What does being out of balance feel like to you? Generally, when we feel out of balance it’s usually too much or too little energy. Too much energy typically comes in the form of anxiety, and too little energy (with or without depression) can make it difficult or impossible to take a step forward. If we stay in one of these states long enough we might find ourselves in a place of normalcy, or even worse, feeling both of these feelings at the same time. So what do you do?
Analysis paralysis — have you heard of it? It doesn’t matter where you feel out of balance, if you think about your situation too much you can increase your anxiety or your inability to make a change. If you’re in this place or have ever been in this place, you’ll know that you can talk yourself into and out of every attempt at making a decision (or taking a step forward) 5 times in 10 seconds. You go in circles coming up with every scenario followed by a series of ‘what ifs.’ To get out of your head, notice your senses. Maybe have a cup of coffee or tea and notice the temperature, the scent, the taste, and the texture. Put on your favorite tunes, or watch your favorite show. Tapping into your senses pulls you out of your head and into your body.
There is a plethora of evidence that shows the physiological benefits of deep breathing. We have written about it extensively here at Orchid Experience, and every phase of our Paths and Experience programs have a built-in breathing practice. If you need to calm down, deep diaphragmatic breathing will put you into a parasympathetic state. Exploring Sama Vritti, or circular breathing, by manipulating your inhalations and exhalations to be equal length will induce the relaxation response. Kapalabhati (forced exhales and passive inhales) breathing can help excite you and bring your energy back up by increasing your heart rate without even getting out of your chair. And the best part, both of these breathing practices can get you out of your head and into your body.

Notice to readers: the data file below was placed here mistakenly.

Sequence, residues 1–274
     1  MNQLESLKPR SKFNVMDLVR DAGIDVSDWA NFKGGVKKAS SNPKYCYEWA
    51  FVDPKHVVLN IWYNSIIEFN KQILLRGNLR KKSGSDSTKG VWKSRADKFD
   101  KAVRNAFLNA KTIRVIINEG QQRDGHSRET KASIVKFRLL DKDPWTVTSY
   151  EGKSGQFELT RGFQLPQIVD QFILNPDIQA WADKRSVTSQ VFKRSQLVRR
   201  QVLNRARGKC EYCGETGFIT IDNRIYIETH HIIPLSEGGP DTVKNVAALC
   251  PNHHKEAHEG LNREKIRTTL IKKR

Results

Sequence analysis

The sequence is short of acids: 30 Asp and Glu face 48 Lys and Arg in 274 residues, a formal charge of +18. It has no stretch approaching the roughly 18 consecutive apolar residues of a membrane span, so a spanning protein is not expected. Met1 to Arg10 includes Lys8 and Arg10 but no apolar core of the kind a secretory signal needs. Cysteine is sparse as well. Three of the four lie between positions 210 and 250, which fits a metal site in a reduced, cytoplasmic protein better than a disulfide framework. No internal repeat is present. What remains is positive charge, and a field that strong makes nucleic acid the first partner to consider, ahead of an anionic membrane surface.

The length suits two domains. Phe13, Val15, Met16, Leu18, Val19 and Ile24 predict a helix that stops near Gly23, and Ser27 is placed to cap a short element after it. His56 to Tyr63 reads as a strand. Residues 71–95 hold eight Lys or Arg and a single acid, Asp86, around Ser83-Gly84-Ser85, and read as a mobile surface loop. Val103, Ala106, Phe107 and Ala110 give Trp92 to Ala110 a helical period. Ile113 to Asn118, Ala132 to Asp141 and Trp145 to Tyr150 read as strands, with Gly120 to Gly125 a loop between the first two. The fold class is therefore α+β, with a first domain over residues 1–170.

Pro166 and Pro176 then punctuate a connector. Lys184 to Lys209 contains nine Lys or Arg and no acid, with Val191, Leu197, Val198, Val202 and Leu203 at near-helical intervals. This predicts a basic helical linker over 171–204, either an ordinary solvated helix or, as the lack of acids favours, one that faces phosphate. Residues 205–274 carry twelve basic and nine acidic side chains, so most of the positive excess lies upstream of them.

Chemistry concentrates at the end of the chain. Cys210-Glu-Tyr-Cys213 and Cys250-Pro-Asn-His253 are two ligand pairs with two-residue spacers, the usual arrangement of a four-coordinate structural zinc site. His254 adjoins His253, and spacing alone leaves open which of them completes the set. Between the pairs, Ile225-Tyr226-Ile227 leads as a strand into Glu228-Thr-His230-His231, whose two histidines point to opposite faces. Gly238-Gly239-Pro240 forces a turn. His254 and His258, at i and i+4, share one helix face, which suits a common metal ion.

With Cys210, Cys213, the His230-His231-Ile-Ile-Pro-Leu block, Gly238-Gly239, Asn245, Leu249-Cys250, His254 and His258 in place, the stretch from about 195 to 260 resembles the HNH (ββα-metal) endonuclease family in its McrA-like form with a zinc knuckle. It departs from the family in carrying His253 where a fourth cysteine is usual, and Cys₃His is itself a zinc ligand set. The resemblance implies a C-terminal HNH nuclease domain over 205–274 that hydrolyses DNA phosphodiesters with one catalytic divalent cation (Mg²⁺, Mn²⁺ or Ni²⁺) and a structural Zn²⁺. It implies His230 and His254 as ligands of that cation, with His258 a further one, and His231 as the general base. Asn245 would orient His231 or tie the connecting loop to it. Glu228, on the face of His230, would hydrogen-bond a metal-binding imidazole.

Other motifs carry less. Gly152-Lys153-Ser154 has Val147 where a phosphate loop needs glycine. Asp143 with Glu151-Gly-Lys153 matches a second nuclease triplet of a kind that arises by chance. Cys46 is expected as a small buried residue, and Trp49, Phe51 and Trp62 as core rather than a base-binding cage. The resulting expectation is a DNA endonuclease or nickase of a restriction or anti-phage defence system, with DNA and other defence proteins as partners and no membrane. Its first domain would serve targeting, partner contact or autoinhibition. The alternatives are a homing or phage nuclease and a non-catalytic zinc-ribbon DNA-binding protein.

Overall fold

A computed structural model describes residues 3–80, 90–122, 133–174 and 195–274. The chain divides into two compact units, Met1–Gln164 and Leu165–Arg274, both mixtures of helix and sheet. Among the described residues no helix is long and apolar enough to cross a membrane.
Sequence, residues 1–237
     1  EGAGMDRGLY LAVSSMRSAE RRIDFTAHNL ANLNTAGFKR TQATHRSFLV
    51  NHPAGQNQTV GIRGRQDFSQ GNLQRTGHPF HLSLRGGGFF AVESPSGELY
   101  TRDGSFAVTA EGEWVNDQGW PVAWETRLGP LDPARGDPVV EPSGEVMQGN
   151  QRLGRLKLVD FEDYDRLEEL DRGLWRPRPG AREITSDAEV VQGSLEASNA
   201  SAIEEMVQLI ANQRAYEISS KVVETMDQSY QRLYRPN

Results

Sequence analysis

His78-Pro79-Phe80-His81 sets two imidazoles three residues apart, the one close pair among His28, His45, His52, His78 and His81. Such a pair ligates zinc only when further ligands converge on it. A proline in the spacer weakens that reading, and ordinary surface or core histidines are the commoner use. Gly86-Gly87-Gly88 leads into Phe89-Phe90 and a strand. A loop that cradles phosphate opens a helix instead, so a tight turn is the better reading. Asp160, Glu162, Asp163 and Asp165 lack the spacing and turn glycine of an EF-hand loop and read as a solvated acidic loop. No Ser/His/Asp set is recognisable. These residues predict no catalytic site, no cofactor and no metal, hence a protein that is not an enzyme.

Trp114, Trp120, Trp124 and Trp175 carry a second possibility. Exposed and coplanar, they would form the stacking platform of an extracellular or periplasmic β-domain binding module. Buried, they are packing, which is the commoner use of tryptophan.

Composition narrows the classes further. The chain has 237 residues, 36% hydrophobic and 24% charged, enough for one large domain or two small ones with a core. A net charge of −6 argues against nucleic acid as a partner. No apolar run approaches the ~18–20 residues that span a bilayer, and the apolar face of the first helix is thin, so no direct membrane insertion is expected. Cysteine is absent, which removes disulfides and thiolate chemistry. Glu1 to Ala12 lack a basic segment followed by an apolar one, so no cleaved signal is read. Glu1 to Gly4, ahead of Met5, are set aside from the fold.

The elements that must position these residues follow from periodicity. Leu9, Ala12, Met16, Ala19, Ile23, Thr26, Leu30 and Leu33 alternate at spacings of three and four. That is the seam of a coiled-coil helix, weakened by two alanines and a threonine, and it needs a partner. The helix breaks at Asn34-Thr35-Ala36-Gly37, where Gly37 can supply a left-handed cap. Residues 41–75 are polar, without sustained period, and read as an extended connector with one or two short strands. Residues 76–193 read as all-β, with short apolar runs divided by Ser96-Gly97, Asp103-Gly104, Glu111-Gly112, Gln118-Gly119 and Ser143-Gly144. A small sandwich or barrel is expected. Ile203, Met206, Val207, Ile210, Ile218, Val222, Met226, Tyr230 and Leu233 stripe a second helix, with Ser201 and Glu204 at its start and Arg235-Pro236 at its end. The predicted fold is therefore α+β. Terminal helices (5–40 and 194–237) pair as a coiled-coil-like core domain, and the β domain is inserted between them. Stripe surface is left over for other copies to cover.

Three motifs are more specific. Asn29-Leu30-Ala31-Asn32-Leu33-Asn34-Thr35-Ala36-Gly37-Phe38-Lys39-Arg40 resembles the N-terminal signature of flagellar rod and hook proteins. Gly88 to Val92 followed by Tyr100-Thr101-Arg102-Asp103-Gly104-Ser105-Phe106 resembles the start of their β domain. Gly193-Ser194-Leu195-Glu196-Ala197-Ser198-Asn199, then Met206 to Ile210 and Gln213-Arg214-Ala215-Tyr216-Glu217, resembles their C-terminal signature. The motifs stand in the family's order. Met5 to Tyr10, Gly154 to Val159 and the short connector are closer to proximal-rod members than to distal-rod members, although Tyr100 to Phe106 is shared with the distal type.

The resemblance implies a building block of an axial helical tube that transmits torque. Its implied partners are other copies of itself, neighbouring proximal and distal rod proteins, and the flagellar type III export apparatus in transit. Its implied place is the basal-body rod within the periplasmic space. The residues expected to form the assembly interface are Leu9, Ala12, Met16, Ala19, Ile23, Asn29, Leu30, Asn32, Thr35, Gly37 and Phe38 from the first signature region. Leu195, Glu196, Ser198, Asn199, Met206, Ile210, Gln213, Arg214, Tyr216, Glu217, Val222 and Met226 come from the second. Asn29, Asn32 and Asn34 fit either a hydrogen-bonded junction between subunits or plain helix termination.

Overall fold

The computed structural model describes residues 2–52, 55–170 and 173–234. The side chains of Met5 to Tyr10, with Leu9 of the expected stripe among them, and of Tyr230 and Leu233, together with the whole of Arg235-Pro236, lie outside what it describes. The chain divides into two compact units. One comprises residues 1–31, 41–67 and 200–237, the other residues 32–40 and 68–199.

Movement can be a challenge when you’re feeling lethargic or depressed, but there are many gentle ways to start moving and increase your energy level. If you’re feeling low, try a restore to flow class where you start low and slow and gently add in more and faster movements. Overly anxious? Try a flow to restore, bleed off that excessive energy and slowly settle yourself back down. Yoga not your thing? Go for a walk in nature or take a walk around your local park.
No, no. Don’t think about it, just sit with your feelings and sensations. Allow yourself to become aware of the physiological experience you’re having and notice where it is felt. When you sit do you feel like you need to move? Does it feel like energy is running through your body? Or do you feel heavy? Does it feel like where the earth ends and you begin are indistinguishable? Do you feel butterflies in your tummy? Or rocks in your thighs? All of these are different ways we can experience our emotions and thoughts. Just sit and notice, and if it feels right journal about it, but DON’T THINK ABOUT. Just write it down and walk away. Maybe tomorrow you can read what you wrote, but still don’t think about it.
After you’ve gotten out of your head, breathed, moved, and sat with it, it’s time to make a decision. What does your gut say? What does your rational mind (after moving and breathing) say? What does your heart say? Make your decision and step away.
This is the hard part — Let go. The only thing you can control is your reaction to a situation, and sometimes that is after a short impulsive reaction that you may not have any control over. Once you have made a decision, let it go. Trust that you are exactly where you need to be. You can’t control others, you can’t control the weather, and you can’t control what will happen next.
If you need to stop, breathe, and then move mindfully again, do it. Repeat this process as often as you need to move the infertility needle.